Torchlight’s Chillers #3 When A Stranger Calls 40th Anniversary Review
Director: Fred Walton
Writers: Steve Feke, Fred Walton
Stars: Carol Kane, Charles Durning, Tony Beckley
‘When A Stranger Calls’ is quite rightly considered today as an important movie in terms of its influence over countless other Horror movies. How many Horrors have you watched where a phone rings and a scary voice on the other end says something sinister? I’m almost certain this had happened in earlier Horror movies that 1979s ‘When A Stranger Calls’, but none had made such a dent in the psyche of movie goers minds before. The film was originally conceived as a short film entitled ‘The Sitter’, a 20 minute film saw a baby sitter being scared by an unknown caller, uttering the frightening words “Why haven’t you checked on the children”?
At this point, ‘The Sitter’ (Featuring actress Carol Kane) was destined to be a short movie that had a punch to it but when Columbia Pictures (for whom ‘The Sitter’ was made for to view) decided that with the success of John Carpenters ‘Halloween’, that maybe if they gave Director / Writer Fred Walton a budget they felt they could make money back on, it’d be worth turning the short film into a fully-fledged movie, and thus, ‘When A Stranger Calls’ was born. Director Fred Walton was up against it time wise, and enlisted the help of Steve Feke to complete the screenplay in time for production to begin.
Since the 20 minute short film ‘The Sitter’ was so well put together, Columbia decided to insert those 20 minutes into ‘When A Stranger Calls’ as the films chilling introduction to the rest of the story. Some excellent casting was completed rather quickly, Carol Kane remained in the co-lead role given she’s the star of the first twenty minutes. What was now needed was the hero which would turn out to be Veteran actor Charles Durning, whose bombastic no nonsense approach to his character pursuing the evil killer suited the movie perfectly. Another veteran was hired to play the psychotic killer, Tony Beckley who had made a name for himself on stage as well as in 1960s UK gangster movies and other assorted oddities. He had just finished worked on 1978s ‘Revenge of the Pink Panther’. For reasons not clear to me, Beckley wasn’t actually given a co-lead credit even though he is the evil heart beating at the center of ‘When A Stranger Calls’.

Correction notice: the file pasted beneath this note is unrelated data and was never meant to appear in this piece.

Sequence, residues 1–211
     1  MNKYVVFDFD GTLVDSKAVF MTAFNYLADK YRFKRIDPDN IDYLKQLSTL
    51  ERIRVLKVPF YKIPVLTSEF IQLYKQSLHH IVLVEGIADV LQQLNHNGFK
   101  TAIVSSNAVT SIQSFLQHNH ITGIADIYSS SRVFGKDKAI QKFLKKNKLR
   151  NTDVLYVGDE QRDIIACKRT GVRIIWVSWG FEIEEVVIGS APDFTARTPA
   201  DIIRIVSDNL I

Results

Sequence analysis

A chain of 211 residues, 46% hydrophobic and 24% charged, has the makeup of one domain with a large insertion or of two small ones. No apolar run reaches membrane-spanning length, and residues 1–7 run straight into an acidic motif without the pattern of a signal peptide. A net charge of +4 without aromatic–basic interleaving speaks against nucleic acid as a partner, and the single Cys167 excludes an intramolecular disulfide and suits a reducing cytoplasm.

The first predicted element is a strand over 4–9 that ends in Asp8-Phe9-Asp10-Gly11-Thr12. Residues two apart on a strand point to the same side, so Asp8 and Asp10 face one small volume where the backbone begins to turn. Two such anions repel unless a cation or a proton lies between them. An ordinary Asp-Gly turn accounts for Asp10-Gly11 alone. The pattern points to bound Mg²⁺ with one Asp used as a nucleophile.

Tony Beckley, who was looking quite thin and haggard in appearance, played the role of one Curt Duncan, the character responsible for making the phone calls to baby sitter Jill Johnson (Carol Kane) in those frightening opening moments of the movie. Without giving away what actually took place, nevertheless it was horrible enough to bring in Detective John Clifford (Charles Durning) to investigate.
They apprehend Curt Duncan at a grizzly crime scene that I’ll let you discover for yourself, if you haven’t seen the movie. Duncan’s then sentenced to spend time in an insane asylum. The movie then skips forwards seven years and we find that John Clifford has become a Private Investigator. He visits the financially well off Dr Mandrakis, the owner of the home that Duncan had broken into seven years prior. The P.I and Dr Mandrakis are both appalled at Curt Duncan’s escape and Dr Mandrakis puts P.I Clifford on his payroll in order to apprehend the escaped lunatic.
In the scene that follows P.I Clifford interviews a lady psychologist at the institution that Curt Duncan has escaped from, and meets an aloof unhelpful interviewee. When probing for information verbally he keeps being referred to the patients files, he tries to reason with the psychologist telling her just how dangerous the escapee actually is. After being reluctantly told that Curt Duncan was given strong courses of anti-psychotic drugs as well as electric shock therapy, P.I Clifford enquirers just how dangerous a condition Duncan may be in, to which he receives the most unhelpful answer yet;